• Attending to the ancient narrative and rhetorical strategies the text employs
• Showing how the text shapes theological convictions and moral habits
• Commenting on the final, canonical form of each New Testament book
• Focusing on the cultural, literary, and theological settings of the text
• Making judicious use of maps, photos, and sidebars in a reader-friendly format"

Witherington: Matthew
"Ben Witherington III, renowned author of more than thirty books on the New Testament, considers the fullness that the Gospel of Matthew offers for those who both study and attempt to live out the words of Jesus today. As with each volume in this series, Witherington’s groundbreaking new commentary connects the insights of biblical scholarship to the larger world of faith."*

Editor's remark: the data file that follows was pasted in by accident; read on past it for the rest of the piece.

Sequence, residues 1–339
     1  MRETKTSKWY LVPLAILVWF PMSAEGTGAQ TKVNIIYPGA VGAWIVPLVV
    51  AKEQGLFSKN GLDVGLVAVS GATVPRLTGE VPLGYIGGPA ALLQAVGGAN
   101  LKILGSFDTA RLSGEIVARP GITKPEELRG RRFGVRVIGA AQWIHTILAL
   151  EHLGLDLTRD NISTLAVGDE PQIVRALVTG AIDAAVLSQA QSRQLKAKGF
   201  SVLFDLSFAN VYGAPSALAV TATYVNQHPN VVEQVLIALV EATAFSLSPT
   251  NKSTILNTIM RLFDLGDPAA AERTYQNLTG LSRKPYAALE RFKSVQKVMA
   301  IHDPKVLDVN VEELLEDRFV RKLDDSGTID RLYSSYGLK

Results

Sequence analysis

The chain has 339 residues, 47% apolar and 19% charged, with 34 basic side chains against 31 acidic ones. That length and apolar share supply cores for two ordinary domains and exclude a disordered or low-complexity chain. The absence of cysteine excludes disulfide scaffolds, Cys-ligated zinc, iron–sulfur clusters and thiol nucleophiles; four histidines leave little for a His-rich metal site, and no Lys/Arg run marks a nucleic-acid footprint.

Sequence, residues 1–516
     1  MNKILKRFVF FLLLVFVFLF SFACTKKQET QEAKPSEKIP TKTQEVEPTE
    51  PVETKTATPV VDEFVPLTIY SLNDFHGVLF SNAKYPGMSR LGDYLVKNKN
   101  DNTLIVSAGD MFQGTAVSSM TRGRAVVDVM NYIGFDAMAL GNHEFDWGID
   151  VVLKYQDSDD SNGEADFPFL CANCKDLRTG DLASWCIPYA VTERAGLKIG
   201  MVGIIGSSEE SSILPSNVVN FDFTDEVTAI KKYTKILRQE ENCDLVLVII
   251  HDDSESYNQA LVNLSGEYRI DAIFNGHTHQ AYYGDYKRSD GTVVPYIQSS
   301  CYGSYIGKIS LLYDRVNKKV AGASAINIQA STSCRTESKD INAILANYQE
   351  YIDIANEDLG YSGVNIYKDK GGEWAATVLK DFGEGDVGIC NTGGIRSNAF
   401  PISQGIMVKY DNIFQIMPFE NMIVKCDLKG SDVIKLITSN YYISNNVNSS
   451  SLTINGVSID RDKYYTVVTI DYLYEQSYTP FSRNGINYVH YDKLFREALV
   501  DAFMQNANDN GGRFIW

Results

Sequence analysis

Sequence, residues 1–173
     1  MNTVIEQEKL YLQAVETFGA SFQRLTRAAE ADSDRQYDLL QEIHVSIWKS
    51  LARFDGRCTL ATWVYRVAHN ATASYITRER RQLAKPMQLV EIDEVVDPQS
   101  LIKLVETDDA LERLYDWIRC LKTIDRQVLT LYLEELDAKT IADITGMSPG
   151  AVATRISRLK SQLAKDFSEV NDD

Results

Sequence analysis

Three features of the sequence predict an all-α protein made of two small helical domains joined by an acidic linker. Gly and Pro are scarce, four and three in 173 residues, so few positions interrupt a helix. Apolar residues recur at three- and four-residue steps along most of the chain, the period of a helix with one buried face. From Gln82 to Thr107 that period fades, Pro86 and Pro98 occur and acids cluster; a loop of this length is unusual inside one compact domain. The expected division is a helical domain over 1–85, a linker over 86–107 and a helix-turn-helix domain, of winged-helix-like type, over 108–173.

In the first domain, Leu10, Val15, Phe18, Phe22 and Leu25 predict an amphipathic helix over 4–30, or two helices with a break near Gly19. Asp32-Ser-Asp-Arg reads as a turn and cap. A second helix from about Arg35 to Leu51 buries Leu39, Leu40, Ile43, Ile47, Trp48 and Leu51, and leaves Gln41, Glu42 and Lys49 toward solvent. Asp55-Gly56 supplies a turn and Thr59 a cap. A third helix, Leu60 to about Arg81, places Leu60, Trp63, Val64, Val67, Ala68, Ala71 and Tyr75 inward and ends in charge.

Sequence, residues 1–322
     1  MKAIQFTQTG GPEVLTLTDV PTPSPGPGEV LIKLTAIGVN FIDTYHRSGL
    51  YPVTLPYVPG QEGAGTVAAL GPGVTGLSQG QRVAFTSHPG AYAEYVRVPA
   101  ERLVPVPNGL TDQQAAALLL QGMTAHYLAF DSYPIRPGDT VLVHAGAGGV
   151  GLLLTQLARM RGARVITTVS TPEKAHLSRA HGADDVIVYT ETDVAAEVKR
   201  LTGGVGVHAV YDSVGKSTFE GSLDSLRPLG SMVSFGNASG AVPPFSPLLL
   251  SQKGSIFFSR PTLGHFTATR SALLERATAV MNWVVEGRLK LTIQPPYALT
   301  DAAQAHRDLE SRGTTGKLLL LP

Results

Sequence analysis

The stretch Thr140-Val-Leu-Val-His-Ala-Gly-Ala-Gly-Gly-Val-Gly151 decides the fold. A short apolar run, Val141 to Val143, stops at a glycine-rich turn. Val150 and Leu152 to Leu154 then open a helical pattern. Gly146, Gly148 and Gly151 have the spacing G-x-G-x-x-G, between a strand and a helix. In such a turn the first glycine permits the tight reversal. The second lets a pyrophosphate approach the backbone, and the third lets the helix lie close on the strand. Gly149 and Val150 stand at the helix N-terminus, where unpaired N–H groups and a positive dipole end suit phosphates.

Powell: God With Us
Mark Allen Powell has written extensively on the Gospels, and in this book, he focuses on matters related to pastoral rather than systematic theology. This is not a commentary on Matthew, rather, there are chapters on: mission, worship, teaching, stewardship, and social justice which provide an overview of Matthew's gospel.

Warren: Matthew and the Margins
This book "provides readers with a provocative new commentary that emphasizes the roles of marginality and empire in the Gospel of Matthew. Verse by verse, Warren Carter present this gospel as a counter-narrative shaping the followers of Jesus as an alternative community, resisting the authorities of both synagogue and state. Hew shows how the Gospel anticipates the ties when Jesus' return will establish God's reign over all--including the imperial powers of Rome."

For more commentaries to consider, especially if you are looking either for something more technical that references the Greek more closely or something more pastoral or devotional, look at the suggestions at Best Commentaries on Matthew.

Note: All the Amazon links are my Associate links from which I may earn a small commission.